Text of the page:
Let's 'shell-ebrate' freshwater turtles

World Turtle Day is on 23 May. It highlights the role of turtles in the environment, the issues they face, and how we can help ensure they survive into the future.

Manning River helmeted turtle (Myuchelys purvisi)

Turtles and tortoises are an ancient group of reptiles dating back about 220 million years. However, their numbers are declining globally; almost half of the world's 357 turtle species are currently threatened.

New South Wales is home to 7 species of native freshwater turtles. Three are currently listed as threatened.

The Saving our Species program works with project partners and the community to undertake conservation projects to secure a future for these threatened reptiles in the wild.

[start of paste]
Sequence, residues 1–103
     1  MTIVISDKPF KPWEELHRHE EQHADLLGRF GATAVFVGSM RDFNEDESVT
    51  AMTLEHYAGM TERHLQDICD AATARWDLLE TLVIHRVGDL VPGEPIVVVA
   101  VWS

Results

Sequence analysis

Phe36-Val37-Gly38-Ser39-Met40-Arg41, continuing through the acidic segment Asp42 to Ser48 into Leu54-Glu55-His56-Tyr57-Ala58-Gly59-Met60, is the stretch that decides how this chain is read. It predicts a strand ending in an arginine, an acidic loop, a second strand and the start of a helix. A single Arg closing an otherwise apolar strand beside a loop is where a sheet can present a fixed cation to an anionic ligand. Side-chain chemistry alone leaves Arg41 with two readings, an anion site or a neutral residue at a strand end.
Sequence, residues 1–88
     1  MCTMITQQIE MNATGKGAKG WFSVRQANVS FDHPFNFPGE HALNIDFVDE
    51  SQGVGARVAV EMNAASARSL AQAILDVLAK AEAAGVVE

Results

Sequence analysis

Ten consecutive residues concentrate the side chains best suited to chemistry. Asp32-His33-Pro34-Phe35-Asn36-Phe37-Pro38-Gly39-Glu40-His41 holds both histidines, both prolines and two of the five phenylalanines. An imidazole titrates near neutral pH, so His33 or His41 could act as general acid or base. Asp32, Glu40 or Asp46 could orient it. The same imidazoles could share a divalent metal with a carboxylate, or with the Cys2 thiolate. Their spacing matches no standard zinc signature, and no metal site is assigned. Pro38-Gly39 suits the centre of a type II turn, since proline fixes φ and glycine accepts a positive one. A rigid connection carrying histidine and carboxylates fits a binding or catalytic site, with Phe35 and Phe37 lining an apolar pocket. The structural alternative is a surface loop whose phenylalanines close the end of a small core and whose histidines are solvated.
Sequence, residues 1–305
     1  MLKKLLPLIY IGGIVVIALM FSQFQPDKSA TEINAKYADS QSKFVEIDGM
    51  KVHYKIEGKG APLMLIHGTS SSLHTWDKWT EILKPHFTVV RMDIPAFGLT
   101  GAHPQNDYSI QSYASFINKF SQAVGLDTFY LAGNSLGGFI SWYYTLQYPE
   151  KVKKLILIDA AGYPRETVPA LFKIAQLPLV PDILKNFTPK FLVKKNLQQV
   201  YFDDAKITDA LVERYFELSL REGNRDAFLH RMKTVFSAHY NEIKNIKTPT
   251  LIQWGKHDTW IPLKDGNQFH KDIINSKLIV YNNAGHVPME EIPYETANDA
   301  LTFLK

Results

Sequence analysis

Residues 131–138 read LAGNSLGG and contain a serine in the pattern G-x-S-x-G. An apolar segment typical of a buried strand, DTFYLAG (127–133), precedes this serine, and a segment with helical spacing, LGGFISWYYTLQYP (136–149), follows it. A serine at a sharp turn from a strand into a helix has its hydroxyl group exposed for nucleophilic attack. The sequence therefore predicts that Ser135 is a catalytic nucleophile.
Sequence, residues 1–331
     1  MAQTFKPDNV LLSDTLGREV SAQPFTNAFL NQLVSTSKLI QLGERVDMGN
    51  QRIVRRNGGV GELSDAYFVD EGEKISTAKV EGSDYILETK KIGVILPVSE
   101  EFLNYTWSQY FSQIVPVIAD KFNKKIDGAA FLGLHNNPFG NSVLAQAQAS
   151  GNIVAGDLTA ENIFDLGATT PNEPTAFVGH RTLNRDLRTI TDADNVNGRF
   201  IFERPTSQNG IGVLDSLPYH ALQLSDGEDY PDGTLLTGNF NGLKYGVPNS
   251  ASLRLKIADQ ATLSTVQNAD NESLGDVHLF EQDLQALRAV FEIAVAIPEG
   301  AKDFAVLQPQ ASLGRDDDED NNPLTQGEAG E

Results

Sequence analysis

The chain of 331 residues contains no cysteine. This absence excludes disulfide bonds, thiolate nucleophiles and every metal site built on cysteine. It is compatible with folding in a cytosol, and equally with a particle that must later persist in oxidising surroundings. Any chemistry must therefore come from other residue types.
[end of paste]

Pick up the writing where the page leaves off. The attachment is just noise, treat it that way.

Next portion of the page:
Why are turtles important?

Freshwater turtles play a critical role in aquatic ecosystems. These turtles:

  • maintain ecosystem balance
  • contribute to biodiversity
  • indicate environmental health
  • hold social and cultural value.

'I am passionate about working on freshwater turtles because they are an ancient animal that has evolved over millennia to occupy a unique niche in our natural ecosystems. I want to see turtles persist into the future because they are an integral part of the biodiversity of our native ecosystems and are important for maintaining the health of our waterways.'

Andrew Steed. Threatened Species Officer, Saving our Species

Help save threatened freshwater turtles

You can help save New South Wales's threatened freshwater turtles in several ways.

Learn more